Sustainable Development Goal 5: Gender Equality


Discrimination based on gender is a violation of human rights, but violence against women is a global pandemic. In 2018, 750 million females were married before the age of 18. Only 52% of married women make their own decisions about sexual relations and contraceptive health. Female genital mutilation, or FGM, is prominent in 30 countries, and within these areas, one in three women between the ages 15 and 19 are subjected to it. In the last year alone, one in five women experienced physical and/or sexual abuse by an intimate partner. 

Gender inequality begins at birth and follows a woman throughout her entire life. To reach gender equality, we must understand that inequality exists in the home, in the workplace, in civic engagement, and everywhere in between. Sustainable Development Goal 5 recognizes that gender equality is essential to expand economic growth and promote social development.

The Goal 

SDG 5 aims to achieve gender equality and empower all women and girls. 

Targets and Indicators 

SDG 5 has nine targets, or specific goals, measured through various indicators. Legal frameworks are the best indicator of progress because they promote, enforce, and monitor gender equality. One of SDG 5’s targets is to eliminate all forms of gender discrimination everywhere. Gender discrimination includes not having an equal say in all decisions or being denied work because of your gender. 

Another important target is to acknowledge and provide public services for unpaid care and domestic work, which is disproportionately dominated by women. Unpaid care can include taking care of a sick family member or being a stay-at-home mom. 

What’s Already Being Done

Although there is a lack of consistent legal frameworks attempting to achieve SDG 5, gender equality is still making some progress. Between 2000 and 2018, the cases of women undergoing FGM decreased by one-fourth. In Southern Asia, child marriage has dropped by 40% since 2000. In 2019, women made up, on average, about 24.2% of national parliamentary representation, which increased from 19% in 2010. From 2009 to 2019, 131 economies made 274 legal reforms to laws and regulations in support of gender equality, but further reform must continue if we’re going to achieve SDG 5.

There are various non-governmental organizations working to meet the goals of SDG 5. For instance, EqualityNow works to increase gender equality and fight sexual violence, particularly helping victims of FGM. It also works to end sex trafficking and achieve legal rights for women and girls across the world, from Mali to the United States.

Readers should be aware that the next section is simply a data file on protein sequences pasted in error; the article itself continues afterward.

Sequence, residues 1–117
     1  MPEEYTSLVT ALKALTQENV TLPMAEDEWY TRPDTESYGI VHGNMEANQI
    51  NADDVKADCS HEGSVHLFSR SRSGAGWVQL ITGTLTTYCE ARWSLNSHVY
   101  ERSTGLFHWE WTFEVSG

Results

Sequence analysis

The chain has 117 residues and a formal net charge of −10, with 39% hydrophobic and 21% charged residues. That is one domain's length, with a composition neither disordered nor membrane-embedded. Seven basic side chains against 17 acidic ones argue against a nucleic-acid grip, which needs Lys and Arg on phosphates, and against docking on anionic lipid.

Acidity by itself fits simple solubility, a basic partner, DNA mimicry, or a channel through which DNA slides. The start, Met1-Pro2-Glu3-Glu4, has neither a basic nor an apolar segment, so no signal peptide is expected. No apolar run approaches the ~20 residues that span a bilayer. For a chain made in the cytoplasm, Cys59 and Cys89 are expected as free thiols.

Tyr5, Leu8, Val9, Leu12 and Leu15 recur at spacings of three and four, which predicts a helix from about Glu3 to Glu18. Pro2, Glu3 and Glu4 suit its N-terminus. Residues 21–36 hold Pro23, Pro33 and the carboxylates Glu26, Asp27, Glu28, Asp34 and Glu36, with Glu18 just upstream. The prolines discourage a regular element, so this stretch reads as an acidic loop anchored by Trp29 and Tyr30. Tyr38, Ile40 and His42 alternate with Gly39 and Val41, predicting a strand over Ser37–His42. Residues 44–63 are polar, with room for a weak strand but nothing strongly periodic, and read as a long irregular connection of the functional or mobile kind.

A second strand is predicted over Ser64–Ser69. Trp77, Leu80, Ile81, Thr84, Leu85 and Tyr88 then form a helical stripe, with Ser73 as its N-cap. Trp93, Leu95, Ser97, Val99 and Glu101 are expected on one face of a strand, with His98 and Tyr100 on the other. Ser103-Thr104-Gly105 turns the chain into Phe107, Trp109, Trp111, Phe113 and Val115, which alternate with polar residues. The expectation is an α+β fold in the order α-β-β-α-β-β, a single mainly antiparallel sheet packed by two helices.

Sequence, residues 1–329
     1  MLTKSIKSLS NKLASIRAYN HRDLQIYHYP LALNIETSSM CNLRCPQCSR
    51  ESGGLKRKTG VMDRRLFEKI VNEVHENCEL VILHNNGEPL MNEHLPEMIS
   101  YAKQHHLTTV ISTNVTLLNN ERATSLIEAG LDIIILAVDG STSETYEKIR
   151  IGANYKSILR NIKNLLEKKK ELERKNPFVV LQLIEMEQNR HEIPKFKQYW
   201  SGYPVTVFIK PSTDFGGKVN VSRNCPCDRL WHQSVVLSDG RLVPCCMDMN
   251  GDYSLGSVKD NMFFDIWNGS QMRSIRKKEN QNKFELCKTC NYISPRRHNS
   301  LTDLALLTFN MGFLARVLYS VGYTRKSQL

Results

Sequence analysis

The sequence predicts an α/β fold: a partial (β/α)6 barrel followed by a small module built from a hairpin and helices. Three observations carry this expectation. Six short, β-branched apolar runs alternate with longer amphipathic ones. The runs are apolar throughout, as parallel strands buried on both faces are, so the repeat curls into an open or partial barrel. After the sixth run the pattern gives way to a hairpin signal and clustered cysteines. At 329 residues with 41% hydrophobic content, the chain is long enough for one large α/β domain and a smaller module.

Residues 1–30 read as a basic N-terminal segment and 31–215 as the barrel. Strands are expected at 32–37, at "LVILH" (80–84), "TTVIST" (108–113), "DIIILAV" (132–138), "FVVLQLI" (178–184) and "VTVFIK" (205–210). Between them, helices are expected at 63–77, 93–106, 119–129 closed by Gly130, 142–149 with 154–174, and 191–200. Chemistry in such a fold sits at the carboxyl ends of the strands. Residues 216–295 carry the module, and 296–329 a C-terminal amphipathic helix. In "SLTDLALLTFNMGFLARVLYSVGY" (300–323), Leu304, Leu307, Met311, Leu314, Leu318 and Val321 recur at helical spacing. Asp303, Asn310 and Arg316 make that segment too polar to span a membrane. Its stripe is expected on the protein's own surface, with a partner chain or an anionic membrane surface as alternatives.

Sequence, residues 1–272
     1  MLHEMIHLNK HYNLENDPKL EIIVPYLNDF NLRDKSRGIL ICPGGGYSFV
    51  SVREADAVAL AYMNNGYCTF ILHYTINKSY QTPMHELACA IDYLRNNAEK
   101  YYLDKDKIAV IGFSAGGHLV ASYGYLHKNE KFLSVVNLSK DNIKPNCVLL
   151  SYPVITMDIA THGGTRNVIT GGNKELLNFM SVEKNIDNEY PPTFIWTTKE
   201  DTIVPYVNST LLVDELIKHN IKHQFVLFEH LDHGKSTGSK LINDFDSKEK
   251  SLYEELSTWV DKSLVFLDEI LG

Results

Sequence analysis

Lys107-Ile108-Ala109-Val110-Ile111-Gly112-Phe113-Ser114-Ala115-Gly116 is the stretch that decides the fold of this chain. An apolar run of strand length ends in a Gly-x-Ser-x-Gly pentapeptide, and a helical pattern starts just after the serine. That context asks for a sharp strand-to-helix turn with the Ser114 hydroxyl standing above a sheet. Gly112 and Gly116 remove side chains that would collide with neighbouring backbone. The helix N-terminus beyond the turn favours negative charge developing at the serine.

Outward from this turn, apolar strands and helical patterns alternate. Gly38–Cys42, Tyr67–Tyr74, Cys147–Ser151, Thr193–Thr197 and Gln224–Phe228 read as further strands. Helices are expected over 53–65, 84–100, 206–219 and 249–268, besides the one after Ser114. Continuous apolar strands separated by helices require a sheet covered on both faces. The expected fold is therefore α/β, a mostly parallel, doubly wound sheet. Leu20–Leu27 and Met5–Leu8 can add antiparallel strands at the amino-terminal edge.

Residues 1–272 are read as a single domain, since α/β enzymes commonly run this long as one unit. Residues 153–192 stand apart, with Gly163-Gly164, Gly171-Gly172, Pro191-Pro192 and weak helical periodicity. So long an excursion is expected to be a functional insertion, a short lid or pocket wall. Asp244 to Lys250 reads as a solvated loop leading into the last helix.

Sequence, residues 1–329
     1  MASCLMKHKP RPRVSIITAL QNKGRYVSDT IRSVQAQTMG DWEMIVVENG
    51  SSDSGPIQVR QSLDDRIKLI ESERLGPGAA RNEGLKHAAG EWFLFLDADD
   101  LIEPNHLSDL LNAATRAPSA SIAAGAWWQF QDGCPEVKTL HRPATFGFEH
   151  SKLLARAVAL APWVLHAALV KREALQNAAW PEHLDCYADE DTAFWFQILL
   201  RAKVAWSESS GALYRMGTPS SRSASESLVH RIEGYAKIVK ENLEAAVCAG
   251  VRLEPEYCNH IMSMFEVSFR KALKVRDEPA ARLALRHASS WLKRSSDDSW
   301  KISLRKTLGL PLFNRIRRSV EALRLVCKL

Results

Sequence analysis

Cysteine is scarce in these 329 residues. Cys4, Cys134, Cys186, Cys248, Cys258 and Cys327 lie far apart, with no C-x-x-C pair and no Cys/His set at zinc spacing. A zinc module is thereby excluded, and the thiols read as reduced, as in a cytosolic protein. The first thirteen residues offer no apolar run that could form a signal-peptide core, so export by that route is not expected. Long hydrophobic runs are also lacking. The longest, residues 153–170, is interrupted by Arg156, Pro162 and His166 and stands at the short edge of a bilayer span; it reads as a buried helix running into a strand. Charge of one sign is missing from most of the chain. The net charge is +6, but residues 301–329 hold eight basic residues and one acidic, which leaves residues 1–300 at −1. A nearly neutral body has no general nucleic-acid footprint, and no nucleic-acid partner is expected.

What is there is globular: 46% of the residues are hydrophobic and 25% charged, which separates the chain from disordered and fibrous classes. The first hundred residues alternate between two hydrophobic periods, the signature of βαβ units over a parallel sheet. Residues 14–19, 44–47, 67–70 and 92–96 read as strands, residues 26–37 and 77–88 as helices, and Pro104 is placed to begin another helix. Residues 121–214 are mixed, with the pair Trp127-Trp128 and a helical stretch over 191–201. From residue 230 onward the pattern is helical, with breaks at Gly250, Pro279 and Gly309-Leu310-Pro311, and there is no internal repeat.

Applying It: How Everyone Can Help

How can you help promote gender equality? Point out and fight against gender biases when you encounter them. Monitor your language to be more accepting and encouraging, regardless of gender. Embrace healthy and equal relationships, including making sure everyone has an equal say in decisions. Everyone can help support SDG 5 through supportive words, standing up to biases, using inclusive language, and getting involved in organizations that fight for gender equality.

Think Further

  1. How does education impact gender equality?
  2. What form of gender inequality were you most aware of? What area would you like to learn more about?
  3. What is one action you can take to fight for gender equality?


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Learn More

  1. “Goal 5: Achieve Gender Equality and Empower All Women and Girls”. United Nations. United Nations. Accessed May 19, 2020.
  2. Ritchie, Roser, Mispy, Ortiz-Ospina. “Measuring progress towards the Sustainable Development Goals.” United Nations. Accessed May 19, 2020.
  3. “Why It Matters?”: United Nations. United Nations. Accessed May 19, 2020.
  4. “Equality Now”. Equality Now. Accessed May 19, 2020.
  5. “WomenOne.” WomenOne. Accessed May 19, 2020.